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A framework for incorporating evolutionary genomics into biodiversity conservation and management

Hoffmann, Ary; Griffin, Philippa; Dillon, Shannon; Catullo, Renee; Rane, Rahul; Byrne, Margaret; Jordan, Rebecca; Oakeshott, John Graham; Weeks, Andrew; Joseph, Leo; Lockhart, Peter; Borevitz, Justin; Sgrò, Carla

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Evolutionary adaptation drives biodiversity. So far, however, evolutionary thinking has had limited impact on plans to counter the effects of climate change on biodiversity and associated ecosystem services. This is despite habitat fragmentation diminishing the ability of populations to mount evolutionary responses, via reductions in population size, reductions in gene flow and reductions in the heterogeneity of environments that populations occupy. Research on evolutionary adaptation to other...[Show more]

dc.contributor.authorHoffmann, Ary
dc.contributor.authorGriffin, Philippa
dc.contributor.authorDillon, Shannon
dc.contributor.authorCatullo, Renee
dc.contributor.authorRane, Rahul
dc.contributor.authorByrne, Margaret
dc.contributor.authorJordan, Rebecca
dc.contributor.authorOakeshott, John Graham
dc.contributor.authorWeeks, Andrew
dc.contributor.authorJoseph, Leo
dc.contributor.authorLockhart, Peter
dc.contributor.authorBorevitz, Justin
dc.contributor.authorSgrò, Carla
dc.date.accessioned2015-09-06T23:59:07Z
dc.date.available2015-09-06T23:59:07Z
dc.identifier.issn2053-7565
dc.identifier.urihttp://dx.doi.org/10.1186/s40665-014-0009-x
dc.identifier.urihttp://hdl.handle.net/1885/15222
dc.description.abstractEvolutionary adaptation drives biodiversity. So far, however, evolutionary thinking has had limited impact on plans to counter the effects of climate change on biodiversity and associated ecosystem services. This is despite habitat fragmentation diminishing the ability of populations to mount evolutionary responses, via reductions in population size, reductions in gene flow and reductions in the heterogeneity of environments that populations occupy. Research on evolutionary adaptation to other challenges has benefitted enormously in recent years from genomic tools, but these have so far only been applied to the climate change issue in a piecemeal manner. Here, we explore how new genomic knowledge might be combined with evolutionary thinking in a decision framework aimed at reducing the long-term impacts of climate change on biodiversity and ecosystem services. This framework highlights the need to rethink local conservation and management efforts in biodiversity conservation. We take a dynamic view of biodiversity based on the recognition of continuously evolving lineages, and we highlight when and where new genomic approaches are justified. In general, and despite challenges in developing genomic tools for non-model organisms, genomics can help management decide when resources should be redirected to increasing gene flow and hybridisation across climate zones and facilitating in situ evolutionary change in large heterogeneous areas. It can also help inform when conservation priorities need to shift from maintaining genetically distinct populations and species to supporting processes of evolutionary change. We illustrate our argument with particular reference to Australia’s biodiversity.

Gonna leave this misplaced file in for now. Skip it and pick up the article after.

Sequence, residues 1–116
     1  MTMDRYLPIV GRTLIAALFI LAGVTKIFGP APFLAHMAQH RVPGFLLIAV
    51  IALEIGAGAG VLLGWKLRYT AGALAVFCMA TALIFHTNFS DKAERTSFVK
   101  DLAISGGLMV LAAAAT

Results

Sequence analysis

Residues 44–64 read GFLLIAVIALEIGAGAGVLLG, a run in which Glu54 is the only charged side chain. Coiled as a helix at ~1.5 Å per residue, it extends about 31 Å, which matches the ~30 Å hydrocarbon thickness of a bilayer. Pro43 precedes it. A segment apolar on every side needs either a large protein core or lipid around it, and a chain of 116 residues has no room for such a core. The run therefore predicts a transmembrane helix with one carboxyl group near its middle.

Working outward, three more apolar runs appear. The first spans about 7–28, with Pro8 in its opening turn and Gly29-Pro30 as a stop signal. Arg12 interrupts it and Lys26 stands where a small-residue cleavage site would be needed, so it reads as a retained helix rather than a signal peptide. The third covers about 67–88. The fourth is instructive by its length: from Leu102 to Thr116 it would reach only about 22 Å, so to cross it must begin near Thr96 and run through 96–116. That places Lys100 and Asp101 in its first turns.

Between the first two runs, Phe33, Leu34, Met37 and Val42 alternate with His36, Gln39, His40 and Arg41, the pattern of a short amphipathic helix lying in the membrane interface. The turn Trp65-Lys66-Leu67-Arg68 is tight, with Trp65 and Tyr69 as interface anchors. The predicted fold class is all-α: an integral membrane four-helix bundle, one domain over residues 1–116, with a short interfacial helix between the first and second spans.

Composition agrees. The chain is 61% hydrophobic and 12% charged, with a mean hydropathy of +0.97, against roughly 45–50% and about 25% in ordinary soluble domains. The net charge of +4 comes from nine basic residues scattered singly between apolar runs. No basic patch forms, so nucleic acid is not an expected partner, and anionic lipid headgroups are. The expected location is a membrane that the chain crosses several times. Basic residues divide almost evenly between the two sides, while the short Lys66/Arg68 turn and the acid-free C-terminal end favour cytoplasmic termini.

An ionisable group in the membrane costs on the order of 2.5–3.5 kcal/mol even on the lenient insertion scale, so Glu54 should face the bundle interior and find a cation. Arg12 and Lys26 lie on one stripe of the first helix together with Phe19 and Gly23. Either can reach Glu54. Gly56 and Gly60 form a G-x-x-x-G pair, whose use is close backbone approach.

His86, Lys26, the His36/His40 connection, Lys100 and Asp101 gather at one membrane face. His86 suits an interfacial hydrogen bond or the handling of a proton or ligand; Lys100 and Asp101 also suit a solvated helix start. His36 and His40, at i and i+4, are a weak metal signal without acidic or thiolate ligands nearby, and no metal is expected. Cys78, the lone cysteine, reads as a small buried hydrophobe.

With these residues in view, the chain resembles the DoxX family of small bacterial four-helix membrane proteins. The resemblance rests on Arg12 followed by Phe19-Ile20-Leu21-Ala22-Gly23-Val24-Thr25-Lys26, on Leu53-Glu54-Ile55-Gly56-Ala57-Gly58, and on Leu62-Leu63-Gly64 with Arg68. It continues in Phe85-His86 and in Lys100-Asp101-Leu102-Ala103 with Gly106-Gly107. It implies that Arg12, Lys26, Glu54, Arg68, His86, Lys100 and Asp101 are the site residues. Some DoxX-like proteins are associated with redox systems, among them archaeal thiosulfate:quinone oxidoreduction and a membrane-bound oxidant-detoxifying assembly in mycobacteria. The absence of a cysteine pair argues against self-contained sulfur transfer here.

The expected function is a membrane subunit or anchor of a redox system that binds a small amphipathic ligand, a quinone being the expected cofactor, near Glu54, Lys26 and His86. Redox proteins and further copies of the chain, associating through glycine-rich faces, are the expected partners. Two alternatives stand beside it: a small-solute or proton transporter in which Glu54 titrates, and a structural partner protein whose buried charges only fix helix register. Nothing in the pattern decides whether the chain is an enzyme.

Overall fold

dc.description.sponsorshipThis paper arose out of a workshop funded through the Office of the Chief Executive Science Team at CSIRO and the Science Industry Endowment Fund.
dc.publisherBioMed Central
dc.rights© 2015 Hoffmann et al.; licensee BioMed Central. This is an Open Access article distributed under the terms of the Creative Commons Attribution License (http://creativecommons.org/licenses/by/4.0), which permits unrestricted use, distribution, and reproduction in any medium, provided the original work is properly credited. The Creative Commons Public Domain Dedication waiver (http://creativecommons.org/publicdomain/zero/1.0/) applies to the data made available in this article, unless otherwise stated.
dc.sourceClimate Change Responses
dc.titleA framework for incorporating evolutionary genomics into biodiversity conservation and management
dc.typeJournal article
dc.language.rfc3066en
dc.rights.holderHoffmann et al.; licensee BioMed Central.
local.identifier.citationvolume2
dc.date.issued2015-01-28
local.identifier.absfor060399 - Evolutionary Biology not elsewhere classified
local.identifier.ariespublicationu3700390xPUB195
local.publisher.urlhttp://www.biomedcentral.com/
local.type.statusPublished Version
local.contributor.affiliationCatullo, R., Research School of Biology, The Australian National University
local.identifier.essn2053-7565
local.bibliographicCitation.issue1
local.bibliographicCitation.startpage1
local.bibliographicCitation.lastpage23
local.identifier.doi10.1186/s40665-014-0009-x
local.identifier.absseo970106 - Expanding Knowledge in the Biological Sciences
dc.date.updated2018-11-29T08:15:35Z
CollectionsANU Research Publications

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